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Councils to decide Easter Sunday trading

NZ Newswire logoNZ Newswire 25/08/2016

Parliament Building in Wellington, New Zealand. © Rex Images Parliament Building in Wellington, New Zealand. Parliament has given councils authority to decide whether shops in their area should be allowed to open on Easter Sunday.

The bill was passed by 62 votes to 59 on Thursday, ending a series of contentious debates.

Easter trading has been a controversial issue for years, and several attempts to change the law through members' bills have failed.

This is a government bill, with Workplace Relations Minister Michael Woodhouse in charge of it.

"The government wants to solve this, and this bill offers a pragmatic solution," he said during the third reading debate.

"It doesn't allow any shops that can't open now on Easter Sunday to open in the future - it is all depends on choices by local communities."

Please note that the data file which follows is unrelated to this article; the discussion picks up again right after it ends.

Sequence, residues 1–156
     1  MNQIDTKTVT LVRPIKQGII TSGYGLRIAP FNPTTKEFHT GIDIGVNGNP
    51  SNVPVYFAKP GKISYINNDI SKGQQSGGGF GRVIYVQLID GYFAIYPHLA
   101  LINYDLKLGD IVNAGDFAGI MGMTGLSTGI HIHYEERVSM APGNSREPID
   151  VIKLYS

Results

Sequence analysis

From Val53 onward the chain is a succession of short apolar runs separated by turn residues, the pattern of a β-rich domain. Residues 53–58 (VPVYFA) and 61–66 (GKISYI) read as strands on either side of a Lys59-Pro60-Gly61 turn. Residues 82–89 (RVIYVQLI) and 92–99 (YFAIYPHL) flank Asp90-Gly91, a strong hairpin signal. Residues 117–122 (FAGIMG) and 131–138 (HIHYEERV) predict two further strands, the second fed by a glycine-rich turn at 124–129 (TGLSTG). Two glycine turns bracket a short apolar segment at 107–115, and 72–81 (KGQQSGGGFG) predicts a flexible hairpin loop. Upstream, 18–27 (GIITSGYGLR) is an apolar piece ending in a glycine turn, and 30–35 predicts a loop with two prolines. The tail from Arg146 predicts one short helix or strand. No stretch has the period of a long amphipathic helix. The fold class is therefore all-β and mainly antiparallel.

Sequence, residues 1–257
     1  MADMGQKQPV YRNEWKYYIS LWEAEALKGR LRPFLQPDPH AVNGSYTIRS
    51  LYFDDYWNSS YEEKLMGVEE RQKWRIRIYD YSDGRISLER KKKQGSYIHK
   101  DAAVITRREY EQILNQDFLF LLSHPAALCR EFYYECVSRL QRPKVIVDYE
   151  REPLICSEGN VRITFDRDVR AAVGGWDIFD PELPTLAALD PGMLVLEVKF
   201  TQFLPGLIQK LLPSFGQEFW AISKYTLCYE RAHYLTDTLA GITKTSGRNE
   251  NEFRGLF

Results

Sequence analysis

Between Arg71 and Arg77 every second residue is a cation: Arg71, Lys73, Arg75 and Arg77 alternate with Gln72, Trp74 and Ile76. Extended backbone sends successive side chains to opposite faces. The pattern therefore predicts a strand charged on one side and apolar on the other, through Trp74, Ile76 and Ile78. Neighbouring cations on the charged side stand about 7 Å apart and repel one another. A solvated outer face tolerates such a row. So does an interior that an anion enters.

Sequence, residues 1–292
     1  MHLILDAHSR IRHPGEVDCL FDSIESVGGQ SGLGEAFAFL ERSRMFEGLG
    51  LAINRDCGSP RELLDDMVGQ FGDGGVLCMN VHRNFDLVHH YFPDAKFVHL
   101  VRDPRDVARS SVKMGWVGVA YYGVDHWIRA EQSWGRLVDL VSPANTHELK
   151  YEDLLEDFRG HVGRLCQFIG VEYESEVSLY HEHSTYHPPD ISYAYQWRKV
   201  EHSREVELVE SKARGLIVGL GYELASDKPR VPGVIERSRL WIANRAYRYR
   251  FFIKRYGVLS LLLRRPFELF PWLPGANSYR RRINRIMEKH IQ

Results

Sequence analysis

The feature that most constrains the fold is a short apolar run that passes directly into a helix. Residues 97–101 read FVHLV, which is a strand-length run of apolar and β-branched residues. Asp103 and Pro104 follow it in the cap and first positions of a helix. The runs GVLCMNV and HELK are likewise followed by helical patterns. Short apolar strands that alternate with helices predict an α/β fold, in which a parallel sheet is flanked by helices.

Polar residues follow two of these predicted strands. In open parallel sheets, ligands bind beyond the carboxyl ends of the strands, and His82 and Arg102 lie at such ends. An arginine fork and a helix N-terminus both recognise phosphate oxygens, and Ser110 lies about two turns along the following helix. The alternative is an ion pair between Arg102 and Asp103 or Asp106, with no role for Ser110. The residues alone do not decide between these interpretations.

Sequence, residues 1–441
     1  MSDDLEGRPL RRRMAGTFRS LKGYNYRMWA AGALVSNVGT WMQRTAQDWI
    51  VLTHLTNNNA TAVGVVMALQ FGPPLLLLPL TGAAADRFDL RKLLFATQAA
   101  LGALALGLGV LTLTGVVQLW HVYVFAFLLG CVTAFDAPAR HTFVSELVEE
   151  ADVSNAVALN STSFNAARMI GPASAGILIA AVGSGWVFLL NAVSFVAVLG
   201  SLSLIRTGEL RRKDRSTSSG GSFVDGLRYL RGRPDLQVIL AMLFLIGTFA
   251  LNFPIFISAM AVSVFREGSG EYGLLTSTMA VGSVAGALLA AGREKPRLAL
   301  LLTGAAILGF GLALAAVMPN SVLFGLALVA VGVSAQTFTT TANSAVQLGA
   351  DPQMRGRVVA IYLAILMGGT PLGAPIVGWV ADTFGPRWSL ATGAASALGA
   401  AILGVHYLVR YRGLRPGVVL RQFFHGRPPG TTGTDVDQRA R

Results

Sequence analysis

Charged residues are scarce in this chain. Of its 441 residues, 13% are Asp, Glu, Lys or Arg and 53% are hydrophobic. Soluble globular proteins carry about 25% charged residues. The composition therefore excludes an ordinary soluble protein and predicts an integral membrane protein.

Labour opposed the bill - it believes the government should set the rules for the whole country.

"We could end up with different sets of rules all around the country," said Iain Lees-Galloway.

"This is madness, it's fundamentally flawed."

Conscience votes were allowed on the bill but parties have taken positions on the legislation.

The bill affects Easter Sunday trading only. Good Friday, Anzac Day and Christmas Day shopping restrictions aren't affected.

It protects shop staff, who can't be compelled to work on Easter Sunday and don't have to provide an explanation if they refuse.

The Greens and NZ First joined Labour in opposing the bill.

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